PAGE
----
Wednesday, July 07, 2010
IMD declared on Tuesday, 6th, that the monsoon has advanced into remaining parts of Rajasthan, covering the entire country about 10 days earlier than normal This had made up for the delay elsewhere and helped bring down the mercury in the Northern areas,and boosting farmer's hopes.A western disturbance may have offered the perfect cover for declaring the onset. The rains received over the last two days in the Northwest have been heavy to very heavy at times.
And over the region, the low pressure over central India, has made the normally requires easterlies to deviate yet again by flows from the Arabian Sea, now blowing straight into the Northern/Northwestern regions. This has moved the Monsoon rains to cover west Rajasthan, but easterlies have ceased over Uttar Pradesh and Bihar, and become southerlies.
Meanwhile, the low over Bay of Bengal off the A.P. coast persisted on Tuesday. ECMWF forecasts a westward movement for the system. This should result in a round of rains for the main peninsula areas.
Interior Maharshtra and A.P. should see increase from Thursday. Gujarat/Saurashtra should recieve moderate sparsed rain Wednesday thru Friday, with about 25 mms /day. I see rains decreasing in the Delhi region till Friday. Mumbai forecast: Wednesday thru Friday: Heavy passing showers, not too prolonged. Dry breaks sparsed in between showers can be expected, but be ready for sudden haevy downpours of limited durations. Rain will be 25-30 mms/day. On Tuesday, Colaba recieved 30 mms and Santacruz 36mms. (Vagaries Forecast 35 mms).
But for India,nothing dries up India's economic prospects more than the absence of monsoon clouds.With 60% of India's crop land still watered by rain, the monsoon is critical to determining food prices. The rains are in deficit, as of end June, but, more than the quantity, it's how the rains have covered the country that matters. In some key crop-producing areas, like the central region/Northern where most of India's oilseeds, lentils and rice are grown, rains were 26% below the average in June.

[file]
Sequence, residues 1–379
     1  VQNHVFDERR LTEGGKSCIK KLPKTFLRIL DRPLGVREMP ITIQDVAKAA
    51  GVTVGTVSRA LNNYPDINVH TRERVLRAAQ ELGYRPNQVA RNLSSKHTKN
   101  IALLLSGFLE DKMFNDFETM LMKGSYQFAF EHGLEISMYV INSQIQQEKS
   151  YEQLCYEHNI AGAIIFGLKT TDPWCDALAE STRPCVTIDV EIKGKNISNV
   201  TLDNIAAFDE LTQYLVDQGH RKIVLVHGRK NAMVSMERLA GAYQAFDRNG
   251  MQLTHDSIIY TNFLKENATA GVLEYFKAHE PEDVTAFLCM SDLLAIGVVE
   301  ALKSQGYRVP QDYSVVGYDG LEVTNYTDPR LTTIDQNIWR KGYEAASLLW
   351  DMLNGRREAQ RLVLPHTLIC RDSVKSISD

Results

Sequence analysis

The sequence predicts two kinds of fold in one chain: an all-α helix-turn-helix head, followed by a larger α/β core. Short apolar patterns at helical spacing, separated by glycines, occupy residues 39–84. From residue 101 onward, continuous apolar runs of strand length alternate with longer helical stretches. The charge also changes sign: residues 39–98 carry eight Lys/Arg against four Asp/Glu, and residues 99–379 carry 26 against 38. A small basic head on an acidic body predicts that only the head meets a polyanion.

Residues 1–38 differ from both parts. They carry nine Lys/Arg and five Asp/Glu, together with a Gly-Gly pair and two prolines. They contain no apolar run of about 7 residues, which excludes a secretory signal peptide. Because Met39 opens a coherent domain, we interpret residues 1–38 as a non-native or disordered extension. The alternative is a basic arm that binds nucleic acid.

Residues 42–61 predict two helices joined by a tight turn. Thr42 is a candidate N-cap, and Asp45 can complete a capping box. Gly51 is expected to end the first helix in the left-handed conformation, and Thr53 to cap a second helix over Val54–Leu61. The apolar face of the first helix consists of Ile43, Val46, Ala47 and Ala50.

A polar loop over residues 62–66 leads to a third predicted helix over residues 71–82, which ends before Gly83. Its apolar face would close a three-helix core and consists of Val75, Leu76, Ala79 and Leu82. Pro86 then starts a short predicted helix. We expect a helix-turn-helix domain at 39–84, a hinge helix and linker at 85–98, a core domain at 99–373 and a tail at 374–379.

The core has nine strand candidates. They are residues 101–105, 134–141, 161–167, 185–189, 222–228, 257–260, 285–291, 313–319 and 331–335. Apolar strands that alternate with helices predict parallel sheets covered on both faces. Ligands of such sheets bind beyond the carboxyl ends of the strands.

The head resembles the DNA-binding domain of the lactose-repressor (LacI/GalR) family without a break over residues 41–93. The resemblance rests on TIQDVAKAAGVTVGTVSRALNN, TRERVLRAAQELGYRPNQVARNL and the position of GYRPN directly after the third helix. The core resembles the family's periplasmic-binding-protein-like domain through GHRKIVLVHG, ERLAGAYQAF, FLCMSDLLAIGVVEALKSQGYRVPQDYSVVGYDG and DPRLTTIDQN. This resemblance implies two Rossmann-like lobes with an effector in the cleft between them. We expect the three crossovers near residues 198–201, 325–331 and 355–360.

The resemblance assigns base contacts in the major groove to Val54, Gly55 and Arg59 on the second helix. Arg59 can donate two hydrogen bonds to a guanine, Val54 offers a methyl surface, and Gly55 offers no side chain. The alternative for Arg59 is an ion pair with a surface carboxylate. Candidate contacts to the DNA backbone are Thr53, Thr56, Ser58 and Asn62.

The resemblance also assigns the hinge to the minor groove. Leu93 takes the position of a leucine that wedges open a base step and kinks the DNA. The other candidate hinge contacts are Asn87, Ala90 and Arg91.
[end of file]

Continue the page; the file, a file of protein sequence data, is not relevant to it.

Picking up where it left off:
Timing is also crucial. For instance,the met department expects the rains to be heaviest in September. But for crops sown in June and July, that could have a damaging effect. In Uttar Pradesh, the second-largest sugar producer in the country, sugar output is already expected to fall short of earlier estimates by 5% because of the delayed showers. And let us not forget the importance of the farmer's capacity:, -60% of the demand comes from farmers--from consumer items to motorcycle, sales, are linked to crop yields. Certainly, with India's economy rebounding, consumer demand in the cities should hold up regardless of the weather. But more than 700 million Indians live in villages, and rural sales are a critical source of expansion for many Indian companies. With so much depending on them, the Monsoon has to "burst" in full fury over India.
It is too early to panic about this. Only a quarter of the rainy season has passed, and one factor that kept the rains away last year, the global El Nino weather effect, is fading. But a year after the worst drought in nearly four decades, India needs a normal rainfall more than ever.